# Temperature Meter by using PIC In this project, a temperature meter is designed and implemented to measure the temperature a room, or outside. There are a large variety of temperature sensors, in this project LM35 is used, I choose that sensor for several reasons. These reasons are:

• precision integrated-circuit temperature sensors.

• its output voltage is linearly proportional to the Centigrade temperature.

• it has low output impedance.

• linear output.

• precise inherent calibration.

• The LM35 has an advantage over linear temperature sensors calibrated in ° Kelvin, as the user is not required to subtract a large constant voltage from its output to obtain convenient Centigrade scaling.

For the reasons mentioned above, the interfacing with PIC Micro-controller became much easier!!!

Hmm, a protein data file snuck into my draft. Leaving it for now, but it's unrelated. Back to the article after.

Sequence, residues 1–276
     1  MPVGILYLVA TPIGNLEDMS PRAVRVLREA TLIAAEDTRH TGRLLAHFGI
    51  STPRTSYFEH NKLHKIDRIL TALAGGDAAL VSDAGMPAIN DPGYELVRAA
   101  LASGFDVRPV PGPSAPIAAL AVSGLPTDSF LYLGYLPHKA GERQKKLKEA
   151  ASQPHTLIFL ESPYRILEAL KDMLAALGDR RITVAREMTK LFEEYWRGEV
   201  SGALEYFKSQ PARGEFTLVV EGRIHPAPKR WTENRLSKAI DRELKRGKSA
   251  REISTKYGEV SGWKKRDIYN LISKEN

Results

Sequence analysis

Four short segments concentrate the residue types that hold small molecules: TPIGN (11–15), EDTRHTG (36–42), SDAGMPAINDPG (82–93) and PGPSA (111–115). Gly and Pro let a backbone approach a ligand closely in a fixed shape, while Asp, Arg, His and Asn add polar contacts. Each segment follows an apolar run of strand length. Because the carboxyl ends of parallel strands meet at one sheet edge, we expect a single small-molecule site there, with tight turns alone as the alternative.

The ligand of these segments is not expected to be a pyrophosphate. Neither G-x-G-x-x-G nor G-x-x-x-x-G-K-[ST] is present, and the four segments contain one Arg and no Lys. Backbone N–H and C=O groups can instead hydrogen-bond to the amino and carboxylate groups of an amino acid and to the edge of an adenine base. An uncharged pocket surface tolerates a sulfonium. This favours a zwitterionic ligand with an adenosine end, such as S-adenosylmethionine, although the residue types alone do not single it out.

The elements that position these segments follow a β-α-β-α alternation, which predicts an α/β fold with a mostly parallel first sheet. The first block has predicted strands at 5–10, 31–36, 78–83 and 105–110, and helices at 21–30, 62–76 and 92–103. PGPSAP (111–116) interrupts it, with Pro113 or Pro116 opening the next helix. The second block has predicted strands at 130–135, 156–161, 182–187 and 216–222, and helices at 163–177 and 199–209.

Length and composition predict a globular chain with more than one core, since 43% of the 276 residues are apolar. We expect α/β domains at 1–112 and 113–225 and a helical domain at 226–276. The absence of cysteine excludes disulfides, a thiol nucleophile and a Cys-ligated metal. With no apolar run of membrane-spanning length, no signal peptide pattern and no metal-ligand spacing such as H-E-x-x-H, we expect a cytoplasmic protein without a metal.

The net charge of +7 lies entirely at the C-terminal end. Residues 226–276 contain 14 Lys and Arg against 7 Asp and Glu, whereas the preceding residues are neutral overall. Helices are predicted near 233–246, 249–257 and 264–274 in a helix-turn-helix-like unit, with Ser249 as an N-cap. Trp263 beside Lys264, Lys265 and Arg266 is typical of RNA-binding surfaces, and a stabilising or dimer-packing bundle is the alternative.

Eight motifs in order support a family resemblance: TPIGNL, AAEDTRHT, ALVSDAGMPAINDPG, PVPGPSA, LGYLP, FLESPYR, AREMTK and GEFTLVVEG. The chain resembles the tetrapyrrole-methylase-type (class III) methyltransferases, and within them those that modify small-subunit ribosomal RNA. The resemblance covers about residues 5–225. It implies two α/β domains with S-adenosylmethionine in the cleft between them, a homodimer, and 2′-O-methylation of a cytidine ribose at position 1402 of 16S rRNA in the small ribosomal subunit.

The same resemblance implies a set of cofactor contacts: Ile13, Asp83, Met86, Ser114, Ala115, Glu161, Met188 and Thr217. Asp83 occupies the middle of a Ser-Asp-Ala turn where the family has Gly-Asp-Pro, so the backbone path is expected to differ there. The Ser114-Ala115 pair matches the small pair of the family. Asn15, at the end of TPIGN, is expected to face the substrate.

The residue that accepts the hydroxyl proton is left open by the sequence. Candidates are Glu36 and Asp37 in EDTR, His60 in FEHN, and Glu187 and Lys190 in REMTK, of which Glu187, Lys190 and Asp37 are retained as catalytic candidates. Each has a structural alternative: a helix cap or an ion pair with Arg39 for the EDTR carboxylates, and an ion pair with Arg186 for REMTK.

The output voltage of this LM35 sensor is an analog voltage, so it must be converted to digital to deal with it easily. The analog output voltage is converted to 8-bit digital number using the internal ADC of PIC16F877A. According to the data sheet of LM35, there is an output voltage equal to 10mv for every 1°C. From this, we can derive a mathematical relation between the sensor output voltage and ADC result to find the correct value of the temperature that will be displayed on LCD.

The reference voltage of ADC=5v , so the resolution=5/255;

Temp. in °C= ADC measured Value x (1/51) x (1/10mV) .

```// Author: Abdullah M. Zyarah
// www.DigitalComputing.net

#include <16f877a.h>
#use delay(clock=20M)
#include <lcd420.c>
#fuses hs,nowdt,nocpd,nolvp,noprotect

#byte portc=0x07
#bit  led=portc.4

unsigned int16 value;
char temp;

void main()
{
set_tris_c(0x00);
led=1;
delay_ms(50);
lcd_init();
delay_ms(50);
printf(lcd_putc,"   *Temp. Meter*");
lcd_gotoxy(1,3);
printf(lcd_putc,"   Temp.=       ");
lcd_gotoxy(1,4);
printf(lcd_putc,"www.pic-tronics.com");
delay_ms(50);

while(1)
{